One of the most interesting places for birding around Saint Louis is Shaw Nature Reserve near Gray Summit, to the West of the city. It has some very fine forests along the Meramec River, and my expectations were high as I descended the steep slope towards the river. I wanted Worm-eating. And Prothonotary. And Yellow-throated.
Somewhere in the distance, a band was playing Queen’s “I want it all”.
Looking onto the haunts of southern wood-warblers at Shaw Nature Reserve, from the heights where Chats and Blue Grosbeaks roam (not a bad place, ey?)
And then it happened! 15 to 20 feet away to the right of the path (look, this was in the US, in Canada it would have been five or six metres), a small bird hopped up from underneath the ground vegetation onto a dead twig right in front of me. It started scolding me. And it took its time scolding me. Scolding is best done out in the open. And this is what the bird did, for minutes with no vegetation or cover of any kind between me and its scolding. And it was a Kentucky Warbler. And then two.
I looked, took pictures, looked again, tried to regain breath and normal heart beat frequency, looked, took pictures. Then I moved on.
And then it happened! 15 to 20 feet away to the left of the path, a small bird hopped up from underneath the ground vegetation onto a dead twig right in front of me. And it was a Kentucky Warbler. It started scolding me. I looked, took pictures, looked again, scratched my head and started to wonder. Then I moved on.
And then it happened! Again, and again, and again. After about an hour in the forest, I estimated that I had seen around 10 Kentucky Warblers along less than half a mile of the trail. And by seen I don’t mean a bolt of lightening that burned the image of an alarmed Kentucky Warbler onto my retina and forever into my brain. “Seen” in this context means front-seat looks like the ones one gets at Ring-billed Gulls after tossing a king-sized portion of freedom fries onto the car’s hood at a McDonald’s parking lot.
This surprised me, and delighted me. Somewhere in the distance, a band called it a day, sat down and opened a few cold beers.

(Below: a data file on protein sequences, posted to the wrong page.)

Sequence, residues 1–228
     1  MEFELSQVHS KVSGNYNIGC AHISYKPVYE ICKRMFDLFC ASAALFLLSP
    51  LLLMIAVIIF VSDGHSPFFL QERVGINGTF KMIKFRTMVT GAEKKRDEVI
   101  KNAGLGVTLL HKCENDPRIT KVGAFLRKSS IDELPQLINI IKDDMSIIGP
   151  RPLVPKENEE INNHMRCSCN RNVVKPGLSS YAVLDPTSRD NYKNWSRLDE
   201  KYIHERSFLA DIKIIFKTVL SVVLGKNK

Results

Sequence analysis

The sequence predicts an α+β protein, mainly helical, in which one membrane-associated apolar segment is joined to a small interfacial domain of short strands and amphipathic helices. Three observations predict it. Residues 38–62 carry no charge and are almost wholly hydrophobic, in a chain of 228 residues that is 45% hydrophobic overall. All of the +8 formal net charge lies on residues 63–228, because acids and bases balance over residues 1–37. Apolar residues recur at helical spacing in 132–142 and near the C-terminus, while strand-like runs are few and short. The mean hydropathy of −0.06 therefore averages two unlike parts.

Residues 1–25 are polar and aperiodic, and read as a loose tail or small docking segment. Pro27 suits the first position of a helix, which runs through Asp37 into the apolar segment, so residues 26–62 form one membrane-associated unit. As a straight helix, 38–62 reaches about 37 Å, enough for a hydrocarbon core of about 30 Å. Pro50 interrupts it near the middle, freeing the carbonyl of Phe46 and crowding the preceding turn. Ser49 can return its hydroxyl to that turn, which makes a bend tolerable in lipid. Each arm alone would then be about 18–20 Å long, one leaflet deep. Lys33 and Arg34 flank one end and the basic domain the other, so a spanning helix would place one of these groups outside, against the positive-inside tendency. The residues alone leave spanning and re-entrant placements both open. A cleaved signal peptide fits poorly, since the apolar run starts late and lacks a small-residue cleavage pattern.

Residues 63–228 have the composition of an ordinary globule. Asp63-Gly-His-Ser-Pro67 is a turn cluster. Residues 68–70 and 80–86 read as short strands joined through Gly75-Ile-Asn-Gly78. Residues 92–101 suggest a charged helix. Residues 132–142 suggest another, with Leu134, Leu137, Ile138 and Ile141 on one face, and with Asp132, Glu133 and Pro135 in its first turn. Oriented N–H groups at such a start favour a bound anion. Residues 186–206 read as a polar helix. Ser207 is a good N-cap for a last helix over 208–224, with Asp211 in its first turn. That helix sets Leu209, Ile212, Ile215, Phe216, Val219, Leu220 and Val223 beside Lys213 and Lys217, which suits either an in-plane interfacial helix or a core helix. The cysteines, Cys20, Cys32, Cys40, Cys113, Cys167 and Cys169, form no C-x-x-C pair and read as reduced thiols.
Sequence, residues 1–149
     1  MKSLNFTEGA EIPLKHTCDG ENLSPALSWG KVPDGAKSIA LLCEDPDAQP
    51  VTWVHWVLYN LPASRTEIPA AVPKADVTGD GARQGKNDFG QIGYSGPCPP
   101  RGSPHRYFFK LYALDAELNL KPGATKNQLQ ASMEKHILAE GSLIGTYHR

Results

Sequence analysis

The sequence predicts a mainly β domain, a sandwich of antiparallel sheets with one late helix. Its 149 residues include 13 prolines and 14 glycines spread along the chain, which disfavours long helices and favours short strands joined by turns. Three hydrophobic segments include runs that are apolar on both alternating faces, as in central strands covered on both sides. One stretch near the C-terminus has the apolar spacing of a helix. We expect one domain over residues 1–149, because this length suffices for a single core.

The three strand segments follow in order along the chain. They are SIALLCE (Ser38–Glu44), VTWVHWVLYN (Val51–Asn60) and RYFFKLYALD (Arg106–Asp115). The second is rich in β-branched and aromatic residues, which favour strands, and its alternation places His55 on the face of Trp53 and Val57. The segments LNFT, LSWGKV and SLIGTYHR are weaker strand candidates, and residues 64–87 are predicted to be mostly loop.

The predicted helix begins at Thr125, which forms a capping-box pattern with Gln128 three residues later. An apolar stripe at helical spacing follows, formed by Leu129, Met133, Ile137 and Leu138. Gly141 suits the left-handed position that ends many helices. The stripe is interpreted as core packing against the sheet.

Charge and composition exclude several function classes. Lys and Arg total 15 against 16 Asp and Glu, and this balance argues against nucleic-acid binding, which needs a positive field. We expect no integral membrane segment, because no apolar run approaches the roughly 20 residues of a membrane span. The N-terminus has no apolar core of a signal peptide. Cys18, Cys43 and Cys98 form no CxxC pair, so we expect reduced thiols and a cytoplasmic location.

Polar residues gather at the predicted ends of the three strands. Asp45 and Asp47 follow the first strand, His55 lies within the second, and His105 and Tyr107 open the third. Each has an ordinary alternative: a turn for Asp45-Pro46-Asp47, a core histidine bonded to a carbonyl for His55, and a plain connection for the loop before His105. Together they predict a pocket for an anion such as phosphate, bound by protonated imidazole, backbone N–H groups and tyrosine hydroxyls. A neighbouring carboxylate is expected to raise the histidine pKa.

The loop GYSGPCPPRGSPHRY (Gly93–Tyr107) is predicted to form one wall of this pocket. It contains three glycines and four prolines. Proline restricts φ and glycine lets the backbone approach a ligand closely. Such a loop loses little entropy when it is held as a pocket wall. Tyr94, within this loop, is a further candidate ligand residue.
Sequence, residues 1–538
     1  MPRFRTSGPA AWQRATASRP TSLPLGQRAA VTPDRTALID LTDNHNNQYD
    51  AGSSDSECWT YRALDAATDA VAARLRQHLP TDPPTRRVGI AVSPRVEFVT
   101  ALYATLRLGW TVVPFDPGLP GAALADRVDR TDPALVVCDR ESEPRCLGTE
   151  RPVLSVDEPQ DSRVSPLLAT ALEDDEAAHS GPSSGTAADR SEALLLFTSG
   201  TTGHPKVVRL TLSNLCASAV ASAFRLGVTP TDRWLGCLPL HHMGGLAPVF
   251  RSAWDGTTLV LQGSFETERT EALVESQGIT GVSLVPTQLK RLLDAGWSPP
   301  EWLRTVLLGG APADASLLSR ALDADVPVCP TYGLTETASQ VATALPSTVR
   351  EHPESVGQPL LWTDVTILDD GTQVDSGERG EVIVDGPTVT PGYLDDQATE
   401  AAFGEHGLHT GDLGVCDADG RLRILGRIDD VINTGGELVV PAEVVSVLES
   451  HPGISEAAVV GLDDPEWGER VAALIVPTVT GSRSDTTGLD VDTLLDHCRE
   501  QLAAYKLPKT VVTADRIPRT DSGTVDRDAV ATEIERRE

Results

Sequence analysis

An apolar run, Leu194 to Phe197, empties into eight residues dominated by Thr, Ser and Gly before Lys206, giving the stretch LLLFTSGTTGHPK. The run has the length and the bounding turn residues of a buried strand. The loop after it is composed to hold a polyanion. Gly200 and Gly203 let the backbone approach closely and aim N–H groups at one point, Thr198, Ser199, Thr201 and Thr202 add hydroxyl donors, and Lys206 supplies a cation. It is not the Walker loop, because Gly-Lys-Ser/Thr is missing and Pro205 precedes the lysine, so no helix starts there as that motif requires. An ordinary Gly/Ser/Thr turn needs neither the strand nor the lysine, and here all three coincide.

The following pictures are the results of the events described above. They are not what they should be considering the circumstances, but I hope they will still satisfy and reward you after you’ve made it through such a lengthy post.
Good birds come to those who wait – and good views come to those who try again.
This week, 8 May – 14 May 2011, is Wood-Warbler Week on 10,000 Birds! Though wood-warblers, the mostly brightly colored birds of the family Parulidae, are only found in the New World we felt that birders the world over would be pleased to see a plethora of posts about these striking and sought after species. We are devoting a whole week to wood-warblers but are only just barely scratching the surface of possible topics involving this amazing family of birds.
Right now great flocks of wood-warblers are making their way north from the southern United States, Mexico, the Caribbean, Central and South America to breed across the United States and Canada. Many other non-migratory wood-warbler species are living their lives across the neotropics, doing their best to survive and pass on their genes. Wood-Warbler Week is a celebration of all wood-warblers and we hope you join us in celebrating these absolutely wonderful birds. Read about them here but also get out and experience them. You won’t regret it!
Kommt Zeit, kommt Waldsänger.
I wish that was the case here for Germany as well. Sadly, those who make it across the Atlantic make landfall on the British Isles or western France and scarcely ever move on East. I think we only have one or two species on our German list (intriguingly, we have almost all of the Catharus thrushes – except Bicknell’s). But I really feel that after providing four posts for wood-warbler week, the powers of the birding world should send me a Waldsänger – kommt Zeit, kommt Waldsänger!